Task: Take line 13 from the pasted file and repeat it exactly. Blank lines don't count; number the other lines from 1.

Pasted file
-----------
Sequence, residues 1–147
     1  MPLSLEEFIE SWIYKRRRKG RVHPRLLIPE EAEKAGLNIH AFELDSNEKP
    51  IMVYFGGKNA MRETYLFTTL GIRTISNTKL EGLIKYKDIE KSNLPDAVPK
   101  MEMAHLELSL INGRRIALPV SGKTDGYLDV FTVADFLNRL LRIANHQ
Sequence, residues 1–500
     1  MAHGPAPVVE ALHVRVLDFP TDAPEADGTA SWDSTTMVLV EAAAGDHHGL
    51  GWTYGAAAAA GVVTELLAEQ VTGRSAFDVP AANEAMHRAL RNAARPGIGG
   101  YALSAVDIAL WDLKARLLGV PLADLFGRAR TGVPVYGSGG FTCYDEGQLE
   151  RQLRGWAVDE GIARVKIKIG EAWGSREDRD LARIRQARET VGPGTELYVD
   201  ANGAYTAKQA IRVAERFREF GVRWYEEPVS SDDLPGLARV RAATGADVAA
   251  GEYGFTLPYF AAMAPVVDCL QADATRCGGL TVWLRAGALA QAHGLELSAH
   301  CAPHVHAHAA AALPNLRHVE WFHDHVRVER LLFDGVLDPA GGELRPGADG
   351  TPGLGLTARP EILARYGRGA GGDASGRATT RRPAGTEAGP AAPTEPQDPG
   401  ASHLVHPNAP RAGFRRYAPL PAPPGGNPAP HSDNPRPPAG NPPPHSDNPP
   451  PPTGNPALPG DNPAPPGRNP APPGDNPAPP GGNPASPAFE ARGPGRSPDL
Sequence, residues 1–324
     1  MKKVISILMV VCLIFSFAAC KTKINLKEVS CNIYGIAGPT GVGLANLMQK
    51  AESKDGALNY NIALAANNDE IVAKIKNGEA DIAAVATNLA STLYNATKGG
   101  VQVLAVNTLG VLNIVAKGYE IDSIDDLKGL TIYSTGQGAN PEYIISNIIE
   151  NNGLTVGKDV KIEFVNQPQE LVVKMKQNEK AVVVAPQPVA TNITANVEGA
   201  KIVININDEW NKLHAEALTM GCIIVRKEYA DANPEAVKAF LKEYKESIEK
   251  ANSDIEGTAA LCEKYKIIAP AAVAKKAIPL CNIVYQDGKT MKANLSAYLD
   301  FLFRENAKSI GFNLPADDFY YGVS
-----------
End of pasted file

   351  TPGLGLTARP EILARYGRGA GGDASGRATT RRPAGTEAGP AAPTEPQDPG